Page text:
Baghdad bomb targets Shi’ite pilgrims, 9 killed on holy day
At least nine people were killed and 31 wounded on Saturday when a car bomb exploded in Baghdad where thousands of Shi’ite pilgrims had gathered to mark a major religious festival, police said.
The bomb was packed in a taxi abandoned on a route used by pilgrims visiting a Baghdad shrine to commemorate the anniversary of the death of Shi’ite imam Moussa al-Kadhim, a great-grandson of Prophet Mohammad, authorities said.
It was the third attack targeting Shi’ite pilgrims this week and follows a wave of bombings on Wednesday in Baghdad and across Iraq that killed 70 people in the worst single day of violence since US troops left the country in December.
Recent attacks on Shi’ite targets are reviving fears Iraq risks slipping back into broad sectarian violence, especially with Shi’ite, Sunni and ethnic Kurdish parties that make up its fragile government feuding over how they share power.
The ceremonies began about 5am GMT at the shrine of Kadhim, who died in 799 and is said to have been poisoned, with a religious leader telling the story of the imam, while people in the crowd wept, an AFP journalist said.
Pilgrims then carried an empty coffin symbolising the imam to the shrine in the Kadhimiyah area of north Baghdad, repeating religious chants, with some hitting their heads and chests with their hands in a sign of mourning.
"More people are attending the commemoration this year than previous years," said Karim Mohammed, 52. "When we ... see that there are explosions, it becomes a challenge to us, so those who decided not to go will go."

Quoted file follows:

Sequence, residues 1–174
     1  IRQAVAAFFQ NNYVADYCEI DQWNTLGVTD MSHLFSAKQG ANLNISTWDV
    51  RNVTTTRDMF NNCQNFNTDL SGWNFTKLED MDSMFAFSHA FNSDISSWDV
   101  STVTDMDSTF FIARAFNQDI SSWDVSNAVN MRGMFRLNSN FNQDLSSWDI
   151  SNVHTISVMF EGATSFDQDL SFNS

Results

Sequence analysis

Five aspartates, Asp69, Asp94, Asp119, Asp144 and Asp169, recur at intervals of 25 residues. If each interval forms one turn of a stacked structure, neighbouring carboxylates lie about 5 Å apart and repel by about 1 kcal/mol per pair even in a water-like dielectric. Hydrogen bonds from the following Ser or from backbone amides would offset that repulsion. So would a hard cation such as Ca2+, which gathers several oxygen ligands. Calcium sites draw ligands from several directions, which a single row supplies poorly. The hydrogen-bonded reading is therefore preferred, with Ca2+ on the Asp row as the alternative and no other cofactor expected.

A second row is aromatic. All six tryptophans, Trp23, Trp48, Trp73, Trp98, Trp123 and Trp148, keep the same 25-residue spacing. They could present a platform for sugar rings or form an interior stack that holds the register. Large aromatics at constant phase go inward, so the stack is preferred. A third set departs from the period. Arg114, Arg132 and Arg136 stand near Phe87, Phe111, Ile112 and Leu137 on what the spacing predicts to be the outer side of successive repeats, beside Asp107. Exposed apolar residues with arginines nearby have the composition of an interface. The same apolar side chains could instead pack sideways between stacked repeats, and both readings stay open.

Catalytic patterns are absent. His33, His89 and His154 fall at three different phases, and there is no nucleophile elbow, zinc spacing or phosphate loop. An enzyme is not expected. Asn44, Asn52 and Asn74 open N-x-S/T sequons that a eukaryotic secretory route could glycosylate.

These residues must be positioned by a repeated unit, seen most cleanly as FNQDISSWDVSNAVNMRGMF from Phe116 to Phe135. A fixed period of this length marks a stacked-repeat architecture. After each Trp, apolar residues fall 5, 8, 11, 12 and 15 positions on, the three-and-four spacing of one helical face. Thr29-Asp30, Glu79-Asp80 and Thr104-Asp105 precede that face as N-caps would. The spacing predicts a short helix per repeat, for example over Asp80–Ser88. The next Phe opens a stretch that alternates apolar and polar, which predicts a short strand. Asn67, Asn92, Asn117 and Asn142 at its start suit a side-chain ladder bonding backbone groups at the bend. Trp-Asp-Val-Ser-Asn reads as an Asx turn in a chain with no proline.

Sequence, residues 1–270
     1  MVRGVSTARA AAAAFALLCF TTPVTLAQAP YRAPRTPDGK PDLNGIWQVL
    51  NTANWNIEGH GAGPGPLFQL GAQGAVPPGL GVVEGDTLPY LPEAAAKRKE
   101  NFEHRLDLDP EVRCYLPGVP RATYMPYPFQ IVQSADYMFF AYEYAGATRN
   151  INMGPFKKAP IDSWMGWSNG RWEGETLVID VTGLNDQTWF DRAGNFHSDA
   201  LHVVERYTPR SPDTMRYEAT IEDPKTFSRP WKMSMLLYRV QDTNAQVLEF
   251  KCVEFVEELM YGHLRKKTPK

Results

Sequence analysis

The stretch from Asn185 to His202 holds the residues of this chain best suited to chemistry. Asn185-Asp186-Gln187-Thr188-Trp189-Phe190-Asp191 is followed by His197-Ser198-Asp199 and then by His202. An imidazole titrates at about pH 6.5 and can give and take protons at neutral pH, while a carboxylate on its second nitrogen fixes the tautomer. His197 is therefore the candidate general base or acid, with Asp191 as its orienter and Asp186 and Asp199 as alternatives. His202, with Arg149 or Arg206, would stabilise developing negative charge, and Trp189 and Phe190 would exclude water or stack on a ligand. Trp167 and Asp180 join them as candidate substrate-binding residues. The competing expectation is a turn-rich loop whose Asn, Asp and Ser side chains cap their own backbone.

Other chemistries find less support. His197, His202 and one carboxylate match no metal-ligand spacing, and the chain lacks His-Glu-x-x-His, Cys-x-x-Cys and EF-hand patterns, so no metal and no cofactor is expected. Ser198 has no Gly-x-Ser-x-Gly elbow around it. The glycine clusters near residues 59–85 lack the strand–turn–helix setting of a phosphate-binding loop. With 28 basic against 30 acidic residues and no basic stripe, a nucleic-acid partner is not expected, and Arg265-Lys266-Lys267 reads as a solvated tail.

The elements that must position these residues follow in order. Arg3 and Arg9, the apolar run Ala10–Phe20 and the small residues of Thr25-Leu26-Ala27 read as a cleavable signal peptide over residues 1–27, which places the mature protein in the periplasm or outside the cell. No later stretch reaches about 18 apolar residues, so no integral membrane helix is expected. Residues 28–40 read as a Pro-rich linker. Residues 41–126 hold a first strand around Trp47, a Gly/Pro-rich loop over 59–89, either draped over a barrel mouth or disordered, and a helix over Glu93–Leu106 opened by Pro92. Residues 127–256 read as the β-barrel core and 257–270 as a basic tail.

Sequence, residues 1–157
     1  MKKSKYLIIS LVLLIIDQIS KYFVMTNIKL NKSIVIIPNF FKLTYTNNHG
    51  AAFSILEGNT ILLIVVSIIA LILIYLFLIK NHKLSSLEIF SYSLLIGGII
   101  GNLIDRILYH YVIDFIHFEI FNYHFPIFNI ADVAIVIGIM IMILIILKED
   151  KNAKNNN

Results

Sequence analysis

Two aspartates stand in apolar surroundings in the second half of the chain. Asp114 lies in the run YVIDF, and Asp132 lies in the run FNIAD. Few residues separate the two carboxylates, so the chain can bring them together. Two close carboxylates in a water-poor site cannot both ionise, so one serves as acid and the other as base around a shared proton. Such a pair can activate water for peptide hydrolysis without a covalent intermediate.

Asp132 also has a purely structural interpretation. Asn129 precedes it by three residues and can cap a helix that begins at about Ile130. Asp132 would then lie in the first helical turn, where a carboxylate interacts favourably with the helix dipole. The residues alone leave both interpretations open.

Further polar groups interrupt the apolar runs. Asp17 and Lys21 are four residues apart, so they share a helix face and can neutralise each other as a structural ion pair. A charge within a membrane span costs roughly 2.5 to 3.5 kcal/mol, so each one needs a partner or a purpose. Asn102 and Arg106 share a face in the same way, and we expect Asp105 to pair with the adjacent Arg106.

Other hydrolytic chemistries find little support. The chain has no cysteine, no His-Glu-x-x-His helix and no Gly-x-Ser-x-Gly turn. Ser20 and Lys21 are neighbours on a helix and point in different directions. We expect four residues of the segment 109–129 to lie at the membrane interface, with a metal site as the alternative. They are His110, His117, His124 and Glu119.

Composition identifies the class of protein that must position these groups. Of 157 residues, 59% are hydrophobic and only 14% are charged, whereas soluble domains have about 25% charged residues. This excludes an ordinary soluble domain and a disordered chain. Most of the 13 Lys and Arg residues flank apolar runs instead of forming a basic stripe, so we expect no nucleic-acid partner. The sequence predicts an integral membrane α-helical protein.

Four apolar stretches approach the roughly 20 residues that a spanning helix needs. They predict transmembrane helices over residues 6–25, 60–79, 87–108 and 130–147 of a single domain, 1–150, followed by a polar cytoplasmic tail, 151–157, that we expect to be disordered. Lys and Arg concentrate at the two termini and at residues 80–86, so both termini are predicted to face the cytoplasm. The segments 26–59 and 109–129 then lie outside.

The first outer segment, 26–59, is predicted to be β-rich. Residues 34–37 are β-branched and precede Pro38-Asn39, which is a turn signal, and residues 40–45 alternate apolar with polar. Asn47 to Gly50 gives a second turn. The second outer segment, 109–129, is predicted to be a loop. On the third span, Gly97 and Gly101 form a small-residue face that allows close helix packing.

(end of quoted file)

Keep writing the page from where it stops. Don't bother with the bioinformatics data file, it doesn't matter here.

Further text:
Mohammed, who said he had walked for three days from Samarra, 110 kilometres (70 miles) north of Baghdad, had put mud on his face and on his black robe in a sign of mourning.
Security measures in Kadhimiyah were tight, with anti-terrorism special forces deployed in the area. Pilgrims were searched at various points, while helicopters flew overhead.
On Wednesday, 72 people were killed and more than 250 wounded in bomb and gun attacks across Iraq, with Al-Qaeda's local affiliate, the Islamic State of Iraq, claiming responsibility.
A car bomb exploded on the outskirts of Kadhimiyah on Wednesday, killing seven people, while another bomb blasted pilgrims' food tents in Karrada in central Baghdad, leaving 16 people dead.
Shi'ite pilgrimages were prohibited under the rule of Saddam Hussein, but they have attracted huge numbers of people in the years since his 2003 overthrow.
Along with the security forces, the Shi'ite majority in Iraq has been a main target of Sunni Arab armed groups since the fall of Saddam's Sunni-dominated regime.
Violence has declined dramatically since the 2006-2007 peak of sectarian bloodshed, but attacks remain common, especially in Baghdad. A total of 132 Iraqis were killed in May, official figures show.